Government will continue with the upkeep of the Amaila Falls Access Road since it believes it is the link to the single most important infrastructural project needed for Guyana’s economic development – the Amaila Falls Hydroelectricity Project (AFHP), which it is working to make a reality.
“The Amaila road project it is not a road to nowhere. It is a road to everywhere in terms of our economic development,” Minister of Public Works Robeson Benn told Stabroek News in an interview when asked for the rationale behind millions still being spent on the road.
Benn said the road was “substantially complete” and will continue to be maintained by the state after the respective contractors’ six months’ maintenance period is over so as not to allow the investments placed in it to “go to waste.”
He explained, “For each respective section the contractor has the responsibility of maintaining the road for a period of six months, after its completion… we take on regular rehabilitation and upkeep,” he explained.
He said that pending weather conditions the road will be completed in about two months for a total of US$41.7 million.
Benn said that currently government was working, both at the Ministry of Finance and Office of the President level, to see the hydro project a reality and remains optimistic that soon an investor will be had and the project will kick off.
He believes that Guyana’s investment attraction limitations is constrained by the lack of cheap renewable indigenous power sources and supply.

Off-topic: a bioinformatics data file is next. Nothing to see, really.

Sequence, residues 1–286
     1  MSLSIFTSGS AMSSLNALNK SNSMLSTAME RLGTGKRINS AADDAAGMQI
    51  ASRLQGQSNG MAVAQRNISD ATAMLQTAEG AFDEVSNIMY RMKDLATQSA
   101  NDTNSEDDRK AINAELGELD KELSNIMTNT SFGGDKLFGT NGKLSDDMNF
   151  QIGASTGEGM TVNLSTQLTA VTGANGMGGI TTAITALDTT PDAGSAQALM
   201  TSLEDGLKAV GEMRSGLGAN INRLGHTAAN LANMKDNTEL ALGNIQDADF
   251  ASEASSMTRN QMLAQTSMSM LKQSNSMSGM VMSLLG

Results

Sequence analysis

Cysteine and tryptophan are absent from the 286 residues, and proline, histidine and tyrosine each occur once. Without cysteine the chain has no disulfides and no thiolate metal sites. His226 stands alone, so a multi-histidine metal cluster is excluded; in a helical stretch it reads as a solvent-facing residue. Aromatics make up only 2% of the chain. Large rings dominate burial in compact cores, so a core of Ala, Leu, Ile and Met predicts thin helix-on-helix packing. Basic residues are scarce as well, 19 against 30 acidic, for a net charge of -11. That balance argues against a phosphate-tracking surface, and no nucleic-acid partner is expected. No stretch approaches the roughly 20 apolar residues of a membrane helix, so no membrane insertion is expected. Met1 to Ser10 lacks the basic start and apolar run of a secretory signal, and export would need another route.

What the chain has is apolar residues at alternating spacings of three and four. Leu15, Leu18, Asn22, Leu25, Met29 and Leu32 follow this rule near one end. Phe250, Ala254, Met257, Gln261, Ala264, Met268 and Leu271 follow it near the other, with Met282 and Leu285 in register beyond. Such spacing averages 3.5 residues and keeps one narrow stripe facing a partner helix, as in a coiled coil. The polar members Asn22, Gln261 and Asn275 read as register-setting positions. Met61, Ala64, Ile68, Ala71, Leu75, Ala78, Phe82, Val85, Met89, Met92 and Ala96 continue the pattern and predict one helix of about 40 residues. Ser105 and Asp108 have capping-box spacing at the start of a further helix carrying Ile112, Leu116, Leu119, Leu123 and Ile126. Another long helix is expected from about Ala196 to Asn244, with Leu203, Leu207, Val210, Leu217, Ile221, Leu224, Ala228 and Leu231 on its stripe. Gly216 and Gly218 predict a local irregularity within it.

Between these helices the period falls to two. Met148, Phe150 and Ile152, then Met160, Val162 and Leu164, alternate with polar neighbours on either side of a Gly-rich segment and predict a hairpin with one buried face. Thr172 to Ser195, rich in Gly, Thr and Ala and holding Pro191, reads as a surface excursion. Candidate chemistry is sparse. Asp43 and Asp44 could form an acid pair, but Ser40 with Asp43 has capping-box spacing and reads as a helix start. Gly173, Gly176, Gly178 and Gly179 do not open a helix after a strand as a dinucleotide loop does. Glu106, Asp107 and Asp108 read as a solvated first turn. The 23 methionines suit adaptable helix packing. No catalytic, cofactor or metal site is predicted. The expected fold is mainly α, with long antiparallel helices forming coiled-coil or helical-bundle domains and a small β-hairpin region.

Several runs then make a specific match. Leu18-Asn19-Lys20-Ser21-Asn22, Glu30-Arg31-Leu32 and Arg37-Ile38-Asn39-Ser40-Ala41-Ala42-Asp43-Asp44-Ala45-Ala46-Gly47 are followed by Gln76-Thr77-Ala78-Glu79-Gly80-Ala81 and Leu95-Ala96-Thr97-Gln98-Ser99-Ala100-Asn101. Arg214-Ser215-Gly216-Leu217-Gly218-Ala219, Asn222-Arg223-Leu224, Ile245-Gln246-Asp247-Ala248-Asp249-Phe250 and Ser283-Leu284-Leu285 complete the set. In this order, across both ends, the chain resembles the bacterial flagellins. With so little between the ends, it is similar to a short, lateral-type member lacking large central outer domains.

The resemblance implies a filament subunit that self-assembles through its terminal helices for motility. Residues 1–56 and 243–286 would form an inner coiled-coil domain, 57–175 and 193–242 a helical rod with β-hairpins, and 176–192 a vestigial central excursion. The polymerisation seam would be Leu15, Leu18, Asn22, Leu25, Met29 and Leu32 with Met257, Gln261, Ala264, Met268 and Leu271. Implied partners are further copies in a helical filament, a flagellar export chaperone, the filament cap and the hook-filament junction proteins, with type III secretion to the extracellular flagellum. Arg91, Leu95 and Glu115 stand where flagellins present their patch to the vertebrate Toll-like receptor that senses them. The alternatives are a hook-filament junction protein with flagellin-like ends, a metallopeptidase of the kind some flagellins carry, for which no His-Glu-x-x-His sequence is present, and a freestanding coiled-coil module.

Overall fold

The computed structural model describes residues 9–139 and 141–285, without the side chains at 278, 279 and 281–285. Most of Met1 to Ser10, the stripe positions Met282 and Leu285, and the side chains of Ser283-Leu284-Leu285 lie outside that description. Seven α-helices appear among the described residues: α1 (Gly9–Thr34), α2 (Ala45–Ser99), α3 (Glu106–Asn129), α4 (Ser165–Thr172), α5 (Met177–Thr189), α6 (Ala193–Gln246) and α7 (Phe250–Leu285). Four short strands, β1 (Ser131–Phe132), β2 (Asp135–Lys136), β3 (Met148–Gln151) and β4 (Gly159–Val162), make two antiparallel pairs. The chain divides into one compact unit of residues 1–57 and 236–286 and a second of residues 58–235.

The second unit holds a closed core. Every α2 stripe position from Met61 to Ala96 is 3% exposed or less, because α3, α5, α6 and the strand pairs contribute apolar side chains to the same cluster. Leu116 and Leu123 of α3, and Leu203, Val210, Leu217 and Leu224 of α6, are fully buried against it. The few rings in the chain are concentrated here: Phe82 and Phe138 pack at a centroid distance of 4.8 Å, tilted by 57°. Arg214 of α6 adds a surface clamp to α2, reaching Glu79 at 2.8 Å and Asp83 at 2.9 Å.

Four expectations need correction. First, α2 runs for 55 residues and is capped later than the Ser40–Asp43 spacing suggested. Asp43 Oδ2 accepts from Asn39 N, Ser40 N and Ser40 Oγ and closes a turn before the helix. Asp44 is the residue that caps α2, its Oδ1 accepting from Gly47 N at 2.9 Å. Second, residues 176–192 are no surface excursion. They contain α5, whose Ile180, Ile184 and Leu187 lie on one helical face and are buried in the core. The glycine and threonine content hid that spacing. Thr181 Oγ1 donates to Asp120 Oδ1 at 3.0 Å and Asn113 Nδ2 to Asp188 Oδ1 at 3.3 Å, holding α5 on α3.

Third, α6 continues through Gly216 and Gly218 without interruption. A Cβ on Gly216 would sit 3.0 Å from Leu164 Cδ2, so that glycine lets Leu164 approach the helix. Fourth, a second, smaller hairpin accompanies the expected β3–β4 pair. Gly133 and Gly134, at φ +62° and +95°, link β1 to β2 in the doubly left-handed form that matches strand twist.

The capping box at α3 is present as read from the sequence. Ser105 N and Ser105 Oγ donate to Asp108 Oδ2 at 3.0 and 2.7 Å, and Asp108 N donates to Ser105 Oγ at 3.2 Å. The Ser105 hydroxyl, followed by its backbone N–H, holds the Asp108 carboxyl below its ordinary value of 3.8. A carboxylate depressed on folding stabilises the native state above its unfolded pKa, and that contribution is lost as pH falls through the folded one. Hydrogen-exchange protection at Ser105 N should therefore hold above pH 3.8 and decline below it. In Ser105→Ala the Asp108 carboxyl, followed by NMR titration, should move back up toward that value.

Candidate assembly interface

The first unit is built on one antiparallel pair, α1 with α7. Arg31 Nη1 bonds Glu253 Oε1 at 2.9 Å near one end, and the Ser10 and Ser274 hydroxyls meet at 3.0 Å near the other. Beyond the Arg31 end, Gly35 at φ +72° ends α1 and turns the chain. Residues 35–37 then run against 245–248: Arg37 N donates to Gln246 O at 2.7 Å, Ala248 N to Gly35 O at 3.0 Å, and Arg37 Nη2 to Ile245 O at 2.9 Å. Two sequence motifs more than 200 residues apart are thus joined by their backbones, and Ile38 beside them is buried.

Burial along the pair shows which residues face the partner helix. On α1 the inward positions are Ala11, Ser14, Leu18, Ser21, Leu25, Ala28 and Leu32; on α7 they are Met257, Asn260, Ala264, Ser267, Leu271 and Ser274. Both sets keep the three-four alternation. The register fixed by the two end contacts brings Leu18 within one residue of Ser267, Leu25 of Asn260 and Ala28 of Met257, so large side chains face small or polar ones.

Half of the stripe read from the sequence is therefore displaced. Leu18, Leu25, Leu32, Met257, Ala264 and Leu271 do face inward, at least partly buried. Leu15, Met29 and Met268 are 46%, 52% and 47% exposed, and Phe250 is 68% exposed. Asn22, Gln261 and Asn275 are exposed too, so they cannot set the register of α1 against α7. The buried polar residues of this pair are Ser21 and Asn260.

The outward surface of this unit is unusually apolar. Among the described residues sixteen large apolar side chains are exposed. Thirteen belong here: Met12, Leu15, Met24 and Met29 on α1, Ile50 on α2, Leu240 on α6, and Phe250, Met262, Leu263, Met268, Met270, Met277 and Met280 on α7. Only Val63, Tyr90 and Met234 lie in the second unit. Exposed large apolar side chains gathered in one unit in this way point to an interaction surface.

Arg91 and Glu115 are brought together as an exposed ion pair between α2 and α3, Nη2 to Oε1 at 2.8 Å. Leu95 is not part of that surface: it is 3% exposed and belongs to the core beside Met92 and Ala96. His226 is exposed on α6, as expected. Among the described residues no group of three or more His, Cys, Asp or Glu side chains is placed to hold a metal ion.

President Donald Ramotar had stated earlier this year that the project was on the radar again. In March, the president told reporters that the controversial AFHP was once again being examined by the IDB board and they would hopefully be wrapping up soon.
He said he was also hopeful that the developers, Sithe Global, who withdrew, will be back on board.
Then in May, speaking at the 6th Summit of the Association of Caribbean States (ACS), held in Mexico he announced that the Inter-American Development Bank (IDB) was working with Guyana on the implementation of a major project on renewable energy. While he did not identify the project, it is likely the AFHP, which government had vowed to resuscitate after the developers walked away last year.
Benn led an emphatic defence for both the road and hydro project saying that not only will it be of immense monetary value but that the knowledge gained by personnel on this project can be used towards others. “Amaila will help us to pilot the knowledge, the expertise, and the experience with respect to advancing our country into being a major exporter of power in this part of South America and also make our country enormously attractive in terms of investment.
“With the expectation or the realization of Amaila many other investment and development projects will flow [that] hinge on the availability of cheap on-demand power…We will export the [power that we can’t use] and we will get money. We won’t be poor anymore,” he added.
“It is the most critical project in the country, everything else will fall into place. All the marbles will fall into their respective holes. You will see people light bill will be reduced they won’t have to steal power anymore.
Benn also took APNU’s shadow Minister of Finance Carl Geenidge to task for saying that Benn will face the consequences of advancing projects that did not get the approval of parliament. “I want to point out to Mr Greenidge that both big projects the airport and Amaila got the approval of the parliament in respect of their initiation,” he stated.
“Having started these projects we can’t just stop just like that somehow because there is another notion there. It does not work like that.”